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Vegetables are on trend in 2016

Johanna Silver Jan 19 , 2016

Many urbanites’ New Year’s resolutions likely involve eating better and incorporating more vegetables in their diet. Fortunately, there are more and more resources for those who are looking to eat cleanly in 2016. Patrick Ahern of Baldor Specialty Foods, one of the largest produce and specialty food distributors in the northeast and Jon Eisen of Between The Bread, iconic NYC eatery have shared some of their predictions for upcoming vegetable trends as well as recommendations for how to incorporate more produce in your diet.

Veggies Take Center Stage

According to “Produce Pat” Ahern of Baldor Specialty Foods, a major trend this year will be restaurants moving vegetables to the center of the plate due to consumer demand.

According to Jon Eisen, this trend is partially due to environmental concerns and the negative impacts associated with the livestock industry, as well as the flavor profiles of vegetables. “People want more natural and pure vegetable preparations, they want to know it’s farm-fresh and wholesome,” Eisen adds.

To incorporate more veggies into your diet, Ahern says, “Buy more and diversify so you try items you have not had before. I challenge any meat lover to eat a black bean burger and not enjoy it. Buy less meat to help encourage your vegetable choices, try wild mushrooms for a center plate item, with pasta or even without. Often you have an organic choice, the health benefits are encouraging and it is simple to make, roast with olive oil, salt and pepper, done or add to eggs and scramble.”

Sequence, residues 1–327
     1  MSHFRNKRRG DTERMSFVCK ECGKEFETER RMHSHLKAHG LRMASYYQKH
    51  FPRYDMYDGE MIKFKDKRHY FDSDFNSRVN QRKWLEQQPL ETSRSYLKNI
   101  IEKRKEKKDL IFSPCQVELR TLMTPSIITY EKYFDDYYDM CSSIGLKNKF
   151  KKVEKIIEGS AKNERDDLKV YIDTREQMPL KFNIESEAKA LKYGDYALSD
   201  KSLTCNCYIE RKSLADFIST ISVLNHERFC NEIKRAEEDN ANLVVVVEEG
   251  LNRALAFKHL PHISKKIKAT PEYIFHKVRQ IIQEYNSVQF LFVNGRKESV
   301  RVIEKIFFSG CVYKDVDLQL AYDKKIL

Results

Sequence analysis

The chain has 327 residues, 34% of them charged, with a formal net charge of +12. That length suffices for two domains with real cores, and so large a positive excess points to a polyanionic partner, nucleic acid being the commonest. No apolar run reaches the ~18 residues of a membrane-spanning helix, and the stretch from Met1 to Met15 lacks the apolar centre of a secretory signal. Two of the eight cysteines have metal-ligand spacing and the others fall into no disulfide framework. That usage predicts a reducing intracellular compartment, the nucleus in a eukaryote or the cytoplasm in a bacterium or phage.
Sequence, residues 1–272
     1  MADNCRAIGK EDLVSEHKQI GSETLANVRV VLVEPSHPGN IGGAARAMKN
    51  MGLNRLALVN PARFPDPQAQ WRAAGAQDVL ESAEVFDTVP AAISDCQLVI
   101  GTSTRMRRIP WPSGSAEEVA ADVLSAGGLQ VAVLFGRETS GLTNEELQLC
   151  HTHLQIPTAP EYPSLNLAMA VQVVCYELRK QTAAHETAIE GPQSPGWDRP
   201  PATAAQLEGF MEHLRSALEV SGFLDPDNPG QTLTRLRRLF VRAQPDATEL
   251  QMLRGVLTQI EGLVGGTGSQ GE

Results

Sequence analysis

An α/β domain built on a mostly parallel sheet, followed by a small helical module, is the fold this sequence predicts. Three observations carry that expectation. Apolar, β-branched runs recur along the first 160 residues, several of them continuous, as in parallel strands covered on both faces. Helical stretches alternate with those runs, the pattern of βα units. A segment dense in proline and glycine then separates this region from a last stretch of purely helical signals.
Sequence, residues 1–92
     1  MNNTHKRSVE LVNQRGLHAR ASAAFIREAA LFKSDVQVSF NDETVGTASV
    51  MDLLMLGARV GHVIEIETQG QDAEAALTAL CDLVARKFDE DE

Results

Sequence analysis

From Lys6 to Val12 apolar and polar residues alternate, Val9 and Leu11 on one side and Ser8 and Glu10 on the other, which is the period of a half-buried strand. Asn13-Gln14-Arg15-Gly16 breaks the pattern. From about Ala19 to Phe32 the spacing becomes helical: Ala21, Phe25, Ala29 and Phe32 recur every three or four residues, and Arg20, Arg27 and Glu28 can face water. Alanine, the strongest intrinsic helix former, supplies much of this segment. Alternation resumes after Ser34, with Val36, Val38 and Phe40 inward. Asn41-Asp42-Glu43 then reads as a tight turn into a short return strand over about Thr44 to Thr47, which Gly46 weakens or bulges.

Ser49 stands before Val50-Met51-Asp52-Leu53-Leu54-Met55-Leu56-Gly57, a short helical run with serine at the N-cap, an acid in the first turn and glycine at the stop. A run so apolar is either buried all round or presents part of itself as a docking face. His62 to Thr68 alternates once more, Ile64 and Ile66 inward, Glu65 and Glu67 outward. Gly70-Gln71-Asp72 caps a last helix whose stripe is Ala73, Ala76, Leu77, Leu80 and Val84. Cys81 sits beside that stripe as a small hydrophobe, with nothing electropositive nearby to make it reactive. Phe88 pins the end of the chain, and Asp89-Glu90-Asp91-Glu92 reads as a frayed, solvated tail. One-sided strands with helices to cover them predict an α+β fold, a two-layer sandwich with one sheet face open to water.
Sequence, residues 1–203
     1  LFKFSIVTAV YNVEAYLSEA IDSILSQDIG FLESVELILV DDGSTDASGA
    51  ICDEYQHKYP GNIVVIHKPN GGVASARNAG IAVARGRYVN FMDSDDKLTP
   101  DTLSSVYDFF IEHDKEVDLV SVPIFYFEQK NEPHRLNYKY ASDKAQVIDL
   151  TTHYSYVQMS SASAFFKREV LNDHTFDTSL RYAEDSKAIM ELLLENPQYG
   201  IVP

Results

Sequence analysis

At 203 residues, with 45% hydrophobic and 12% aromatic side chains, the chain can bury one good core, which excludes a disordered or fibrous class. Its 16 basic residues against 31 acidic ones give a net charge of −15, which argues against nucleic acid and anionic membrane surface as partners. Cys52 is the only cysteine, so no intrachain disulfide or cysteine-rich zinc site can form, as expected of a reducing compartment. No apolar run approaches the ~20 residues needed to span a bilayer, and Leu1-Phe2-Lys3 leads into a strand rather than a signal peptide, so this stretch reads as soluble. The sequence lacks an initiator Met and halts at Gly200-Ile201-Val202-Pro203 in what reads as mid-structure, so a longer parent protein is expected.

Eisen agrees, you should spice things up and try roasted veggies, shredded and baked veggies, don’t just eat a bed of leaves with toppings.

The Rise of the Locavores

According to the National Restaurant Association, locally sourced meats and locally grown produce are on trend for 2016. As we saw in 2015, consumers are becoming more mindful of what’s in their food and where it’s from.

This year, we can expect more restaurants switching to a local menu – and customers reaping the benefits as such.

In fact, Eisen suggests that a seasonal diet is a more well-rounded, well-balanced and healthier diet, and inevitably, probably better for the environment. ”Be sure to eat produce that’s in season locally. Let go of kale in the late winter and eat delicious root vegetables and grains instead.”